Stevens got a chance to show off his quarterbacking skills - and a glimpse of what could be in store after McSorley exhausts his eligibility - on Saturday, too. 

After taking a hard hit on his first snap in relief of McSorley, Stevens threw a dart over the middle for a 35-yard touchdown to Saeed Blacknall. He took another big hit and watched Blacknall's catch from his backside.

Afterward, he sounded like a starting quarterback, making a point to refute the criticism he's heard of Blacknall's slow start. Instead, Stevens credited his big receiver for making the play, even though it was a perfectly thrown ball.

"Tommy shows that ability all the time," safety Marcus Allen said. "He has a second gear he can kick into. It's another dynamic and electrifying player like that on the field. We can put a lot of stress on a D because you don't know what we're going to hit you with."

Penn State adds to its bragging rights over Temple

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Penn State adds to its bragging rights over Temple


UNIVERSITY PARK, Pa. -- Josh Reaves had his second career double-double, Shep Garner hit two 3-pointers in the final three minutes and Penn State overcame an 11-point second-half deficit to beat Temple 63-57 on Wednesday night in the first round of the NIT.

Reaves shot 7 of 10 from the field, including a career-high tying four 3-pointers, and finished with 19 points and 11 rebounds.

Tony Carr missed 10 consecutive field-goal attempts before scoring his first points of the game on a jumper that pulled Penn State within four with 6:20 to play. That sparked a 16-2 run to give the Nittany Lions a 62-54 lead with 16 seconds left.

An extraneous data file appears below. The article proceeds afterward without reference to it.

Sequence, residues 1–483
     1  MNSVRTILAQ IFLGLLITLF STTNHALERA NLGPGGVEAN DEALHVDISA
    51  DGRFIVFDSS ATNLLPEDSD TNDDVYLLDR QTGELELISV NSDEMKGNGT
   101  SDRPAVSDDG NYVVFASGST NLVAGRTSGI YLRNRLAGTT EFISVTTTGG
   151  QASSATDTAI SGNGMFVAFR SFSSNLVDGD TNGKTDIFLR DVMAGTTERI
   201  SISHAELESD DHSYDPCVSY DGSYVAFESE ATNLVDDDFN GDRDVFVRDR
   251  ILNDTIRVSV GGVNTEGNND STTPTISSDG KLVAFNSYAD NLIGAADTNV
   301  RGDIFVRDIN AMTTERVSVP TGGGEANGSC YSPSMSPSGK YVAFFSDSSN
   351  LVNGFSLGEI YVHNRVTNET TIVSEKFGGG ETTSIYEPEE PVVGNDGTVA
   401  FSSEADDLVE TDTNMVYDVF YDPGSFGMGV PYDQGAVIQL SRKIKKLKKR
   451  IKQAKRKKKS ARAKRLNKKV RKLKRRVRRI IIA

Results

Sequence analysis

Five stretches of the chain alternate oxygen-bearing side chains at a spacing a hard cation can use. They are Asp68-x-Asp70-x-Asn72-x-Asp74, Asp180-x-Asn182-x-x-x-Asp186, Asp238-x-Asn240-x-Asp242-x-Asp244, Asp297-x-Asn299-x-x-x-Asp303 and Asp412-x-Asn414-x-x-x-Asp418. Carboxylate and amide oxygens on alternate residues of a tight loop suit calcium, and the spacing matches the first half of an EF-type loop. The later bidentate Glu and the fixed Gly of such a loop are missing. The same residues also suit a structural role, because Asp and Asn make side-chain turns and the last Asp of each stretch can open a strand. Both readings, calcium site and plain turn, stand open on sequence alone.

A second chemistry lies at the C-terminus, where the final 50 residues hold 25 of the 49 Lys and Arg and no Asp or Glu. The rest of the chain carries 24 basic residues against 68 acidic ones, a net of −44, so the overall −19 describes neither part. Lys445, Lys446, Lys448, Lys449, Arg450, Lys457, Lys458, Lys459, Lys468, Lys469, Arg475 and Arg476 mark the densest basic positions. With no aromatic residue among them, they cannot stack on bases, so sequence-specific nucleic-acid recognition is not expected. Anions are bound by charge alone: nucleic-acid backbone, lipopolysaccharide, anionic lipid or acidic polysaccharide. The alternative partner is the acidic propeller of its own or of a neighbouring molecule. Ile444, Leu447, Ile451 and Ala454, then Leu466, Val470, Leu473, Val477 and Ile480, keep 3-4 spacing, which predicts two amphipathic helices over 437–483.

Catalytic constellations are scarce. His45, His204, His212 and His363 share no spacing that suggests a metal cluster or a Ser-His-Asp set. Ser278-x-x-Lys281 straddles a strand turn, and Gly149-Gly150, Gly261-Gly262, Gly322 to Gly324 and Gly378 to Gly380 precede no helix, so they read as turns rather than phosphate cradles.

Reaves and Garner hit back-to-back 3s to make it 54-all before John Harrar's layup with 1:52 remaining gave Penn State its first lead since 4-3. The Owls made just 1 of 9 from the field and committed three turnovers during the span.

Shizz Alston Jr. led Temple (17-16), which led for more than 35 minutes, with 15 points and Josh Brown added 14.

Carr and Garner -- who came in averaging 19.9 and 11.1 points per game, respectively -- combined to score 10 on 3-of-19 shooting for the Nittany Lions (22-13).

The Owls made just 5 of 14 free throws while Penn State hit 20 of 30.

It was the 93rd meeting between the schools, which are located less than 200 miles apart, but the first since 2011. The Nittany Lions snapped a seven-game skid in the series, dating to Dec. 9, 2000.

Penn State's NCAA tournament hopes severely dented

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Penn State's NCAA tournament hopes severely dented


NEW YORK — Purdue threw a little of everything at Penn State star Tony Carr, the Big Ten's leading scorer. Bigger guys. Smaller ones. Switches and some double teams.

Carr managed only 12 points in a woeful shooting game, and No. 8 Purdue separated from Penn State in the second half of a 78-70 victory Saturday that put the Boilermakers in the Big Ten Tournament championship game for the second time in three seasons.

Third-seeded Purdue (28-5) faces No. 5 Michigan, which will try to repeat as tournament champs on Sunday at Madison Square Garden.

Purdue frustrated Carr and held him to 4-of-18 shooting. The sophomore faced an array of defenders, including the 6-foot-6, 220-pound Nojel Eastern, 5-10 P.J. Thompson, 6-4 Dakota Mathias, 6-8 Vincent Edwards and 6-1 Carsen Edwards.